Ms. Flanagan echoed a call for the UN Human Rights Council to support the independent review of the International Commission of Inquiry into police killings.

“I strongly believe that a robust international accountability mechanism would further support and compliment—not undermine—efforts to dismantle systemic racism in the United States including by the Biden administration,” she stated.

The commission intends to pressure President Biden and the U.S. Congress to listen to the voices of the victims of police crimes as reflected in the recommendations of the 188-page report. The group wants the International Criminal Court to launch an investigation against the U.S. for crimes against humanity. However, the U.S. is not a signatory of the Rome Statute that established the court and has historically obstructed any attempt by the ICC to hold the U.S. accountable for any violations.

The report recommends that the U.S. government acknowledge the Trans-Atlantic Slave Trade, slavery, colonization and colonialism were Crimes against Humanity and past injustices and crimes against Black people in the U.S. must be addressed with reparatory justice.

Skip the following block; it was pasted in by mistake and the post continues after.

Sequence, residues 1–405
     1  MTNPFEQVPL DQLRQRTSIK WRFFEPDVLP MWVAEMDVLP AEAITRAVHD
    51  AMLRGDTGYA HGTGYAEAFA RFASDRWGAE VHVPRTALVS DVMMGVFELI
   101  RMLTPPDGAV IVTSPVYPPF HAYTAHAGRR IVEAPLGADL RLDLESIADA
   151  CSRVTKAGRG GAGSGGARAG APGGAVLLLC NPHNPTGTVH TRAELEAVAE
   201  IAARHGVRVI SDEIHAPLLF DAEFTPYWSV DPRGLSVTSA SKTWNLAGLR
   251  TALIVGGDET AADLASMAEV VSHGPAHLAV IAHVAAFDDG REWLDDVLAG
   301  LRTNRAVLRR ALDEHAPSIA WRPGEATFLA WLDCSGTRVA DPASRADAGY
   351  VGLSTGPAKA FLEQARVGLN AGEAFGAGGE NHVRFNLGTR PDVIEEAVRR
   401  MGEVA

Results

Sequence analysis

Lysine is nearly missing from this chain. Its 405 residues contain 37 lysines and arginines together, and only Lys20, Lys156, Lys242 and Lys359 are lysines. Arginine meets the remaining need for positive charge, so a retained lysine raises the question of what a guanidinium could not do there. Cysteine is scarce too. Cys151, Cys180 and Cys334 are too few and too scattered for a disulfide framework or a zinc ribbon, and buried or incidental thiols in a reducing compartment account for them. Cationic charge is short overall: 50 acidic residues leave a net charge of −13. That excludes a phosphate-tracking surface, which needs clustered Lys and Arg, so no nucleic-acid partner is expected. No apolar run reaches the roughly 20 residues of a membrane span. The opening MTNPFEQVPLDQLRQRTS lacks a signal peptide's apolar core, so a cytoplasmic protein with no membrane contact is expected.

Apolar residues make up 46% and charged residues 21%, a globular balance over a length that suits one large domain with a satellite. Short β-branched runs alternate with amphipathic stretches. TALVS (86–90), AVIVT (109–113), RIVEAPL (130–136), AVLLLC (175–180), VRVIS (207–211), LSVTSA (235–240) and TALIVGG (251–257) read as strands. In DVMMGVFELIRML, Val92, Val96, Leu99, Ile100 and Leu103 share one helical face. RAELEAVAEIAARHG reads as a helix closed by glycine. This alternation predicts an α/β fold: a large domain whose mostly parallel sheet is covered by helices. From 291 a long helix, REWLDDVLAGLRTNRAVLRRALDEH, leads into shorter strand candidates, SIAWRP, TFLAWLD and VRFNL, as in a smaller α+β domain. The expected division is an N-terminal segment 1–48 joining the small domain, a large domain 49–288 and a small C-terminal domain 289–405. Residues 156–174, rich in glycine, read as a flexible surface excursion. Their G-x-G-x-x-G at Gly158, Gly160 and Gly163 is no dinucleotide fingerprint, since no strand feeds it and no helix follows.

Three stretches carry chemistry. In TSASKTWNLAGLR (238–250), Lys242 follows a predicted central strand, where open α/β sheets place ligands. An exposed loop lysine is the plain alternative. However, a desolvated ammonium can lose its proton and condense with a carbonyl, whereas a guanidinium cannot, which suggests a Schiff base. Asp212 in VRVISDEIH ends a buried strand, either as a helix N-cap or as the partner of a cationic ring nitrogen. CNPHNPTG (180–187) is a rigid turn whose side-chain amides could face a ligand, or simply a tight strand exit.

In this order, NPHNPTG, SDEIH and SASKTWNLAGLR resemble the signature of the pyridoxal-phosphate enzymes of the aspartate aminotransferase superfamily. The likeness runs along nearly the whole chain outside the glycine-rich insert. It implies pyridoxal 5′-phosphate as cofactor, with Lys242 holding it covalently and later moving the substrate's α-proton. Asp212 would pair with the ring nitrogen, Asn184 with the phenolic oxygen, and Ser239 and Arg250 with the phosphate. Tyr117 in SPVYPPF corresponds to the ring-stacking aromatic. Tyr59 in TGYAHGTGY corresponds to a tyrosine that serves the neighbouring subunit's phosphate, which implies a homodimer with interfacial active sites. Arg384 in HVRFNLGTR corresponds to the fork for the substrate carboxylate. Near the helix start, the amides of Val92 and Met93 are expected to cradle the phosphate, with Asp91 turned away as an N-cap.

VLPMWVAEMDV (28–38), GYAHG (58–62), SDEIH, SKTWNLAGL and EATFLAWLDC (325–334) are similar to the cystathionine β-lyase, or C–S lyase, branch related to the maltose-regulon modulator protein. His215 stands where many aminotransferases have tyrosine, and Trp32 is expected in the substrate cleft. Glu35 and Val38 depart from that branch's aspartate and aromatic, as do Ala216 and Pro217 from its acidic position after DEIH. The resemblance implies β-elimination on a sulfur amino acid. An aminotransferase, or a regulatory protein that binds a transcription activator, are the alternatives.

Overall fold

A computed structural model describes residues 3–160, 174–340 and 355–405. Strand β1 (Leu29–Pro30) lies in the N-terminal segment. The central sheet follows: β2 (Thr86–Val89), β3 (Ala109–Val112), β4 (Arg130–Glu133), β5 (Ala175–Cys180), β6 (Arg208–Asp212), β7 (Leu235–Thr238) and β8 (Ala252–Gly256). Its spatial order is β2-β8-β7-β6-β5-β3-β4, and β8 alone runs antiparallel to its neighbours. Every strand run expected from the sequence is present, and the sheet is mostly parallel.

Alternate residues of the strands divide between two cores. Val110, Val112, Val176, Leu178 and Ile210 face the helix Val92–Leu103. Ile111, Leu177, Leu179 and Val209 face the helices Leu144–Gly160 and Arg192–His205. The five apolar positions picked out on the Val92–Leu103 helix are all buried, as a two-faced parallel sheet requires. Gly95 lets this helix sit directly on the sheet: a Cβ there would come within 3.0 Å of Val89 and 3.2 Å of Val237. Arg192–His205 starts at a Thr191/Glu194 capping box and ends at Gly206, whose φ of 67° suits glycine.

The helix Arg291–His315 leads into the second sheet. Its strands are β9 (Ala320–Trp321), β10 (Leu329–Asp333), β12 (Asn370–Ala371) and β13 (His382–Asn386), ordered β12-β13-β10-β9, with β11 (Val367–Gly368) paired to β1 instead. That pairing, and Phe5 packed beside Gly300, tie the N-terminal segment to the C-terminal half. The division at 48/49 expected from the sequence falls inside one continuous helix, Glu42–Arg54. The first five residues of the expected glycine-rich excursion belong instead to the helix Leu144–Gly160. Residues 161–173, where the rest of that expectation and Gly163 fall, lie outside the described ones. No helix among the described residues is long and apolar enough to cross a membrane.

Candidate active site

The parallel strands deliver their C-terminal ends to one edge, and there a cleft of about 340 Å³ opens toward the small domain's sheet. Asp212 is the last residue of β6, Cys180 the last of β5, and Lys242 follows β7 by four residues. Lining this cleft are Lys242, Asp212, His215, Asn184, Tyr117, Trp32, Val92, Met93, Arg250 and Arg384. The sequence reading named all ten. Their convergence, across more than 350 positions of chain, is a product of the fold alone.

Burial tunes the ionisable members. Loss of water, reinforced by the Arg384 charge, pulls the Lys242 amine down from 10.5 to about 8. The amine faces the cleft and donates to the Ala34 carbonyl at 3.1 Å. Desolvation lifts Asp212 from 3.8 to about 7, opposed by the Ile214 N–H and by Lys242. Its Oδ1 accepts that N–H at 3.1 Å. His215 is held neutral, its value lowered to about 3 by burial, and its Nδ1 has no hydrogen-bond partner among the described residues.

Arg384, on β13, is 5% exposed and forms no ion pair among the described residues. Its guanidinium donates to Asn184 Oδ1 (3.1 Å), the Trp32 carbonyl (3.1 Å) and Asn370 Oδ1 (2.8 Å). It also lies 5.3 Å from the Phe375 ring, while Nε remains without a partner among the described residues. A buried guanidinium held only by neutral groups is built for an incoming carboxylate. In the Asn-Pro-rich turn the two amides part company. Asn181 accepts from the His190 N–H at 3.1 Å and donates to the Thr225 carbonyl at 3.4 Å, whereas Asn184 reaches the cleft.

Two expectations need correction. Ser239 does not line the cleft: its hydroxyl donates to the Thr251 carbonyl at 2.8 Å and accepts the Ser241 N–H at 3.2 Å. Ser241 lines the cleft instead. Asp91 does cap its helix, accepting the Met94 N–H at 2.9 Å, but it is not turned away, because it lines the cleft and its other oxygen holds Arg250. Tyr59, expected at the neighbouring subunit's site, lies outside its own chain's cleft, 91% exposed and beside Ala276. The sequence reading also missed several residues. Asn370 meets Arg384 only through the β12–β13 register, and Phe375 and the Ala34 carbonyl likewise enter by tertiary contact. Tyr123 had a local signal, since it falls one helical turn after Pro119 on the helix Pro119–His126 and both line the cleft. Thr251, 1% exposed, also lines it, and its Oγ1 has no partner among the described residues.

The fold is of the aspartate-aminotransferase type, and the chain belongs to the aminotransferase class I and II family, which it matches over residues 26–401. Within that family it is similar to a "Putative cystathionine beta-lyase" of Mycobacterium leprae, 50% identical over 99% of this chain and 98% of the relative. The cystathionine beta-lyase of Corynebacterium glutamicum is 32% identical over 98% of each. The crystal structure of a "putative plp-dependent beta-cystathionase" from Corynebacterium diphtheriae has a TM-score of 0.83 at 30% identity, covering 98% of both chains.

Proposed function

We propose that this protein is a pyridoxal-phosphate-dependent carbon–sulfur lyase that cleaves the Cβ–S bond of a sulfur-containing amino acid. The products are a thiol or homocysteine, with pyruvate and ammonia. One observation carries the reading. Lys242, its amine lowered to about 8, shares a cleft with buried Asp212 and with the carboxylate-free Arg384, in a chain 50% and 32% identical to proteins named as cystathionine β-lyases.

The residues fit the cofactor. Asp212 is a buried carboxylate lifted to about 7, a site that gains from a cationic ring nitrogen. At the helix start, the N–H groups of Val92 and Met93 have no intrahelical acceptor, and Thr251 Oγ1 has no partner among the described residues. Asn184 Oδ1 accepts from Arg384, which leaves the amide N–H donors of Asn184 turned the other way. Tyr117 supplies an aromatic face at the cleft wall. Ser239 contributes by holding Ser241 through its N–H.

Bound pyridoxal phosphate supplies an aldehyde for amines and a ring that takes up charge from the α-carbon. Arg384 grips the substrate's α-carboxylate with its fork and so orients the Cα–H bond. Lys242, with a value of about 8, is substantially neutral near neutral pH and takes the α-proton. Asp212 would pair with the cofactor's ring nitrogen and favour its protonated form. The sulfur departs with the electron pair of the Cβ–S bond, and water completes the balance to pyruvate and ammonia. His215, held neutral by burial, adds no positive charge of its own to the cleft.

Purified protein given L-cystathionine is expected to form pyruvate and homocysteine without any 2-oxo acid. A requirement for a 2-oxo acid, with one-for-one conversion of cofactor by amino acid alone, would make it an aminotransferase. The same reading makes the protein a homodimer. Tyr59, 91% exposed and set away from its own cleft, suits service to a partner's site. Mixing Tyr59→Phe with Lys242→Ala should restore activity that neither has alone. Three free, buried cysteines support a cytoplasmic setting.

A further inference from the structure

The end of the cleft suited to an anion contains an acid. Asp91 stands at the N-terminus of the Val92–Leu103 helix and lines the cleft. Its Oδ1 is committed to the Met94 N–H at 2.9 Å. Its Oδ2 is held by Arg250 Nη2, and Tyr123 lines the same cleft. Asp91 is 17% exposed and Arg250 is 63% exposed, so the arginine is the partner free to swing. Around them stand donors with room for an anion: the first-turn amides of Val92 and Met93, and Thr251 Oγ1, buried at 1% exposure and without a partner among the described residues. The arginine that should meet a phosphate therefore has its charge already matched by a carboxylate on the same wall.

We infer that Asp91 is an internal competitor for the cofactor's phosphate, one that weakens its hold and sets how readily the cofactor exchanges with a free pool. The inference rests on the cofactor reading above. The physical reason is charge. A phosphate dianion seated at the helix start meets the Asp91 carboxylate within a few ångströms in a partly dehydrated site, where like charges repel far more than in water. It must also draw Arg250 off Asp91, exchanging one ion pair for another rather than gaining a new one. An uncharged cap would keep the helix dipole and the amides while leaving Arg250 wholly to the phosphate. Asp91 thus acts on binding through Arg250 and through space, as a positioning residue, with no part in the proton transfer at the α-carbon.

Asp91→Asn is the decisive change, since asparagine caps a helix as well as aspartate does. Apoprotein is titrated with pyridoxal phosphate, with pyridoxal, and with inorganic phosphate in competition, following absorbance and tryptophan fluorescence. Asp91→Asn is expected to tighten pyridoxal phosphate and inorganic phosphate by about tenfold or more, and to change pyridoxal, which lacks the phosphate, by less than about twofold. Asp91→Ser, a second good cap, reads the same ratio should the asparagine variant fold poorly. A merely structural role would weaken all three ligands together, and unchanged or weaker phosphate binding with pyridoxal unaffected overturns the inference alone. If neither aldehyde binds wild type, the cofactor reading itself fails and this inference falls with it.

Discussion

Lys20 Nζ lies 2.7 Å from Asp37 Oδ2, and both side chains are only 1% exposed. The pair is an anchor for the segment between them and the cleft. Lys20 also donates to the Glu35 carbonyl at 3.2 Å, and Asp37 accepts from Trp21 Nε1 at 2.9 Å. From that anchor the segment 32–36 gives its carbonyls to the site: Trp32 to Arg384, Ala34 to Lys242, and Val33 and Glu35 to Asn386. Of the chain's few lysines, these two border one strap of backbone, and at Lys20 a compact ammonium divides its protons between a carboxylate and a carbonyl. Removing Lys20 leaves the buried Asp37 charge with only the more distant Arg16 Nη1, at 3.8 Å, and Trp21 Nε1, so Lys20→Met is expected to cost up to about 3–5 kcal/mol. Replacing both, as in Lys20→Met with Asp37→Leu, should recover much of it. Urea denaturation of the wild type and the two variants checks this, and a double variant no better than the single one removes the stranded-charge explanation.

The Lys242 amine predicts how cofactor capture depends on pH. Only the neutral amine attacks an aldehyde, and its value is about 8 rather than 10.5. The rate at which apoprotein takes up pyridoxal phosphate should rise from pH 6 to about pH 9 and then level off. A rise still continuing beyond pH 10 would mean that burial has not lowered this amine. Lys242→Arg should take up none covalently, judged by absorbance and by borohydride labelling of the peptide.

Photo: MGN Online

But questions loom as to how Washington would respond to the independent international inquiry.

Judge Peter Herbert of the United Kingdom, one of the commissioners, believes the Biden administration would be more amicable to the discussion, compared to the previous President Donald Trump.

He also believes public sentiment is leaning toward change, citing global reaction to George Floyd’s murder with mass demonstrations not seen since the antiwar protests of the 1960s.

“Young people all across the globe did immense damage to the United States reputation,” said Judge Hurbert.

Judge Hurbert raised the possibility of global boycotts of American products as was done to topple White minority rule in South Africa.